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Whiplash

Whiplash

What you need to know about Whiplash

Whiplash is caused by a person’s head suddenly moving backwards and then forward with considerable force. A rear-end accident is the most typical cause of this injury. Physical abuse, sports injuries, and even amusement park rides can cause it.

Whiplash occurs when your neck’s soft tissues (muscles and ligaments) are stretched beyond their normal range of motion. Because your symptoms may not present for a while, it’s critical to monitor any physical changes for a few days after a car accident or other injury.

Whiplash is a relatively minor injury, yet it can result in long-term pain and discomfort.

Symptoms of whiplash

Symptoms usually occur within 24 hours of the whiplash-causing episode. Symptoms may appear after a few days in some cases. They can last up to a month.

Symptoms that are common include:

  • Neck stiffness and pain
  • Headaches, particularly those around the base of the skull
  • Dizziness
  • Eyesight problems
  • Constant exhaustion

Chronic whiplash symptoms that are less common include:

Diagnosis

In most cases, your doctor will ask you questions concerning your injury, such as:

  • How it occurred
  • Where you experience discomfort
  • Whether it’s a mild, shooting, or intense pain

They may also perform a physical examination to assess your range of motion and look for sore spots.

Imaging studies may be ordered by your doctor to assess any injury or inflammation in the soft tissues, spinal cord, or nerves. They can also determine if someone has had a brain injury. The following imaging examinations may be performed:

  • X-ray (to ensure that your discomfort isn’t caused by another injury or degenerative illness like arthritis)
  • CT scan
  • MRI scan

A doctor may request a diffuse tensor imaging (DTI) or positron emission tomography (PET) scan to help locate and quantify the degree of a brain or other region lesion.

Causes

Whiplash occurs when the muscles in your neck are strained by a quick backwards and forward movement. Tendons and ligaments in your neck stretch and tear as a result of the sudden action.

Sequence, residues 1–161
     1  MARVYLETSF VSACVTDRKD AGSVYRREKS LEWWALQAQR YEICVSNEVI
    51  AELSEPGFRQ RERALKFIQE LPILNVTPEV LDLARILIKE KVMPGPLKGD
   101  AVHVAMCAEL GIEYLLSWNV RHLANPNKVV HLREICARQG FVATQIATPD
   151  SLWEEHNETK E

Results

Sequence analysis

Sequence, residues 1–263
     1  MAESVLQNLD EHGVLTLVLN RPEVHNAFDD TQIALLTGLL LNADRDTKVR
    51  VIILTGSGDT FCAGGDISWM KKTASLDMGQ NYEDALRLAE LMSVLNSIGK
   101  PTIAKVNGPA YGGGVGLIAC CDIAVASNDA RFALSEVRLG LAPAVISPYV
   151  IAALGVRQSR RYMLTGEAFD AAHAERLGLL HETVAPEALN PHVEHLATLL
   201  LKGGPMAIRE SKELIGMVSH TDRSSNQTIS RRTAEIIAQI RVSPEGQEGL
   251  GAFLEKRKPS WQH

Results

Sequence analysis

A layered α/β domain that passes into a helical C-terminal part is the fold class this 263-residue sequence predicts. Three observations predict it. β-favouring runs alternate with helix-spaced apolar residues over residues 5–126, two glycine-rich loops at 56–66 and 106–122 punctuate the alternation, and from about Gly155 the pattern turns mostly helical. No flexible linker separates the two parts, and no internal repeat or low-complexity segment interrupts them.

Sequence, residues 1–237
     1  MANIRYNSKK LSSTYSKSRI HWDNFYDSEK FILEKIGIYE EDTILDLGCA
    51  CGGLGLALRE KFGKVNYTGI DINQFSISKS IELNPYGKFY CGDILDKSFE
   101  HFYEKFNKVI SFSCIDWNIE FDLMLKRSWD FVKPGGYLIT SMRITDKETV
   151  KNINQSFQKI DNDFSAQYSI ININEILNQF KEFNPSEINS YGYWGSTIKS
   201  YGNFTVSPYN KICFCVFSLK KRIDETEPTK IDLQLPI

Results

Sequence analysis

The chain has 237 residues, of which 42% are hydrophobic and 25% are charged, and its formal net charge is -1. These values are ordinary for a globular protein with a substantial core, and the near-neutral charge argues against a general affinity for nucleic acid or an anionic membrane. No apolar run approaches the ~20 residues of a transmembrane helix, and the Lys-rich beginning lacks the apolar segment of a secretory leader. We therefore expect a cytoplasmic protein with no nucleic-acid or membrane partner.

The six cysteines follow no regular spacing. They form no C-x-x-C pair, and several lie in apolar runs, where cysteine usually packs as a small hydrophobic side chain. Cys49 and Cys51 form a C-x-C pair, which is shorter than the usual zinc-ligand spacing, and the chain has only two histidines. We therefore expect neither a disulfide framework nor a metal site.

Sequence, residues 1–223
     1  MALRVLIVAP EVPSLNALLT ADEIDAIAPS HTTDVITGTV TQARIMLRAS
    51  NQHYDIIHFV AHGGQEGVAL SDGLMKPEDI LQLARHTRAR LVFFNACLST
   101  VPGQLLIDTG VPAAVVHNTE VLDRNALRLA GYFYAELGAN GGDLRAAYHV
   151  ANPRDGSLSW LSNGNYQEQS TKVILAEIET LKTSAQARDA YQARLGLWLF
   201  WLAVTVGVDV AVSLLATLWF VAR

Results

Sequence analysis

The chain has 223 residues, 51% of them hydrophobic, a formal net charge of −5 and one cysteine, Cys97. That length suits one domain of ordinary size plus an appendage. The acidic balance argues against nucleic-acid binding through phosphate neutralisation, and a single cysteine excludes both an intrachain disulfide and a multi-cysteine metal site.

Whiplash can be caused by a variety of factors, including:

  • Crashes between automobiles
  • Physical violence, such as being hit or shaken
  • Football, boxing, and several martial arts are examples of contact sports.
  • Riding a horse
  • Collisions or falls when riding
  • Falls in which the head jerks back violently
  • A blow to the head with a heavy object

Complications

Whiplash can cause chronic, long-term pain or headaches in some people for years after the initial injury. Damaged neck joints, discs, and ligaments may be the source of this pain, according to doctors. However, chronic pain following a whiplash injury is frequently undiagnosed.

When to call a doctor

Most mild to severe cases of whiplash can be treated at home using OTC pain relievers, ice, and other therapies.

If you’ve been in a vehicle accident or have any of the following symptoms, you should see a doctor:

  • Neck stiffness or soreness that goes away and then reappears.
  • Severe neck discomfort.
  • In your shoulders, arms, or legs, you may experience discomfort, numbness, or tingling.
  • If you’re having problems with your bladder or bowels.
  • Weakness in a leg or an arm.

SEEK URGENT MEDICAL ASSISTANCE

If you have any of the following symptoms, you should see a doctor right away:

Your symptoms have moved to your shoulders or arms, and moving your head is uncomfortable. Your arms are numb or weak.

Treatment

Whiplash treatment is relatively straightforward. Doctors sometimes prescribe over-the-counter pain relievers such as paracetamol or aspirin.

Medical treatment

Treatment options include:

  • For more serious injuries, prescription painkillers
  • Muscle relaxants are used to alleviate muscular spasms.
  • Treating the damaged area with ice or heat

Recovery

Physical therapy is crucial in the rehabilitation process. A specialist may be recommended by your doctor. Recovery may also involve the following:

  • Neck exercises to improve strength and flexibility
  • Maintain a good posture
  • Learning relaxation techniques can help prevent neck muscle strain and aid healing.

A foam collar may also be used to keep your neck stable. Collars should not be worn for longer than three hours. They should only be used during the first several days following an injury. Collars, on the other hand, have fallen out of favour with many doctors. It’s thought that utilising it for longer than the recommended time will slow healing.

Alternative aftercare

Alternative pain treatments may also be worth a shot. Some examples are:

  • Chiropractic treatment
  • Massage, which may help to ease some neck muscular tension
  • Electrical nerve stimulation uses a low-voltage electric current to assist relieve neck pain.
  • Acupuncture, but no research has shown that it can help with neck pain.
  • Infrared sauna treatments and cryotherapy

Outlook

Whiplash causes very few people to have long-term difficulties. The recovery period ranges from a few days to several weeks in most cases. Most patients recover completely within 2 to 3 months, according to the NHS.

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